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Explore our current and recent research and innovation projects and awards.

Mentoring Seafarers Project


Exploring mentoring for education and wellbeing in the international shipping industry.

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Ports Energy and Carbon Savings (PECS) Project 

Port aerial shot

Investigating tools and technologies to reduce the carbon footprint of small- to medium-sized ports and marinas.

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Exploring digital network models for museums-university partnerships.

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Stand Together

A living exhibition developed with artist-in-residence Kev Munday.

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Supporting Troubled Families

An academic evaluation of Hampshire County Council's STF project.

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Project Sea Traffic Management

Connecting the maritime world in real time to create a more efficient and environmentally friendly maritime sector.

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The Effective Crew Project

A two-year research project led by Solent University in partnership with NJC Associates and Impact Crew. The research examines the perceived benefits associated with the implementation of either a stable or fluid crewing strategy to Merchant Navy vessels.

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Seafarers' Welfare in Chinese Ports (SWiC) Project

The SWiC Project explores the availability and adequacy of welfare provisions for ocean-going seafarers when their ships call at Chinese ports. Particular attention will be paid to the seafarers' perspectives.

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Project IMAGINE: Innovation in marine engineering diagnostics and feedback

A collaborative research and development project between Solent University and Rolls-Royce to support the unmanned and partially autonomous operation of marine vessels.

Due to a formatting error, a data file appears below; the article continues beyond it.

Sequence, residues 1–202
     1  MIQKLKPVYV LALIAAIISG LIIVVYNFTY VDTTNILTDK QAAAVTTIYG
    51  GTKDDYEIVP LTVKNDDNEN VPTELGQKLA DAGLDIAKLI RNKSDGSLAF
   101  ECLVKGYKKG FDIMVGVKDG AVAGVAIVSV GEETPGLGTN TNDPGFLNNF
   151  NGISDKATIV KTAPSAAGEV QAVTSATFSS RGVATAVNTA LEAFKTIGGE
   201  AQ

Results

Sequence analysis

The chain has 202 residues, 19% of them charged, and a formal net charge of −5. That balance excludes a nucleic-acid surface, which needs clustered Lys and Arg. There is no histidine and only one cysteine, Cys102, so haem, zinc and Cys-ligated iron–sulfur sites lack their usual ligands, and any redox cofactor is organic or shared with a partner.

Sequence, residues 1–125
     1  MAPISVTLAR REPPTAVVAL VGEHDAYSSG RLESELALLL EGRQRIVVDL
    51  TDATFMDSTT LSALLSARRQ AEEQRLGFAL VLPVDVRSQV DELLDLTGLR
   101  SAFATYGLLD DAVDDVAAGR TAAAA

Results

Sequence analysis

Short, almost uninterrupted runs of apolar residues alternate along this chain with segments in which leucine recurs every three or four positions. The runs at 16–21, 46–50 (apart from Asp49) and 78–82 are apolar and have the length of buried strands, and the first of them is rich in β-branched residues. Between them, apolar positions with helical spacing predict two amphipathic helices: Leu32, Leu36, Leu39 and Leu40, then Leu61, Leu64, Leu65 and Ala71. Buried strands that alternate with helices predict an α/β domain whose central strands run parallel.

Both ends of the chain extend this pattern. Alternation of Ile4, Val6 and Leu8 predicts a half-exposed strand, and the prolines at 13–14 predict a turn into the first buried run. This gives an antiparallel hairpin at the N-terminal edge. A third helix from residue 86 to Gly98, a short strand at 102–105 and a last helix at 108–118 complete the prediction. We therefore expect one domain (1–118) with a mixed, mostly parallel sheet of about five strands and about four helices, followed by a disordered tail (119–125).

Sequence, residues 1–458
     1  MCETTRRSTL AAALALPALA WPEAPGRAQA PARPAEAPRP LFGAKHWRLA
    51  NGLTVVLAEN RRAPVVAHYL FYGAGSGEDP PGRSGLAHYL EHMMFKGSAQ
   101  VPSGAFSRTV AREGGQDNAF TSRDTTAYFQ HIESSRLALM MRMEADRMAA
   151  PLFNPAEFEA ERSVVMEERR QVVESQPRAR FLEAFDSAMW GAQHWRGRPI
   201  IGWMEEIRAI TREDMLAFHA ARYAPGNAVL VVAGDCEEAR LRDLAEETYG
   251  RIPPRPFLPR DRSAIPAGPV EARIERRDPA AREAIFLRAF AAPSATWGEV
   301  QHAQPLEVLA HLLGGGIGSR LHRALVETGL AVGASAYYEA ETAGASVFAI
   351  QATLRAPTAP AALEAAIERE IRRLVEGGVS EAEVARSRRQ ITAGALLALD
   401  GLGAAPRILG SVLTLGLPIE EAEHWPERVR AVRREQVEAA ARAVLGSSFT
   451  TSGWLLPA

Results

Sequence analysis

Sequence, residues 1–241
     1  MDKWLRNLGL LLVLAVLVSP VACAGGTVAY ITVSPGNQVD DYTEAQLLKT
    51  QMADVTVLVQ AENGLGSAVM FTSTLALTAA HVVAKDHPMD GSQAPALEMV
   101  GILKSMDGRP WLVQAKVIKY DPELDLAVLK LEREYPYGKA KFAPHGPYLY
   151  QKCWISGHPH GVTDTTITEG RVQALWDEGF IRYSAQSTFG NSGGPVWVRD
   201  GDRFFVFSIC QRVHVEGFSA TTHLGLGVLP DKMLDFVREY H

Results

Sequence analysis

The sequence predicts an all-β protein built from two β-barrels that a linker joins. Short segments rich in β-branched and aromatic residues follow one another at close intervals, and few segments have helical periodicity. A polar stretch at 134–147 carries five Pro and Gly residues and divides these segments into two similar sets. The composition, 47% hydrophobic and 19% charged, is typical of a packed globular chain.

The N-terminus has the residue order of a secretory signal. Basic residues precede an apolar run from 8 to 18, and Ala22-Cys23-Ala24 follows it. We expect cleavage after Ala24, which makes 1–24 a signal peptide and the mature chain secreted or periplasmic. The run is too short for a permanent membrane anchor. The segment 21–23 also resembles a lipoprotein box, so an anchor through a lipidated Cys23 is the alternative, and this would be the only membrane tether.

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Project MAXCMAS: MAchine eXecutable Collision regulations for Marine Autonomous Systems

MAXCMAS is an Innovate UK £1.27 million-funded multi-partner project. The consortium for the project includes Rolls-Royce as a lead coordinator; Atlas Electronic UK, a defence company; Lloyds Register, a leading safety assurance organisations; Queens University, Belfast; and Solent University's Warsash Maritime Academy as academic partners. The project commenced in August 2015 and will conclude in the autumn of 2017.

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The three-year MARTHA research project into seafarer fatigue concluded in 2016, and the final report was presented to delegates at the IMO's human element, training and watchkeeping committee on 20 January 2017. The study found that fatigue can result in long-term physical and mental health issues and individual motivation decreases over the length of the voyage. It also highlighted that night watchkeepers get significantly less total sleep than others on board, and that Masters suffer more stress and fatigue than their crews.

Data was collected from the results of questionnaires and interviews of 1,000 international seafarers, and 100 volunteer crew members operating on vessels worldwide during their tours of duty.

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The GEM Project

This research project, led by Solent in collaboration with the University of Greenwich and the China Maritime Centre, aims to examine seafarers’ welfare. It focuses on gender issues that arise from multi-cultural crews and isolation, and looks to develop appropriate tools that can help support women within the maritime industry.

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The China Centre (Maritime)

The China Centre is part of the Warsash School of Maritime Science and Engineering. It aims to use its academic excellence; its expertise in Chinese maritime affairs and its links with the Chinese, British and worldwide maritime communities to act as a bridge, bringing countries closer in maritime-related affairs and beyond.

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The Lawrie McMenemy Centre for Football Research

The Lawrie McMenemy Centre for Football Research (LMCFR) is a multi-disciplinary football education, research and consultancy centre which provides expert support for the football industry, students and the media in a number of areas.

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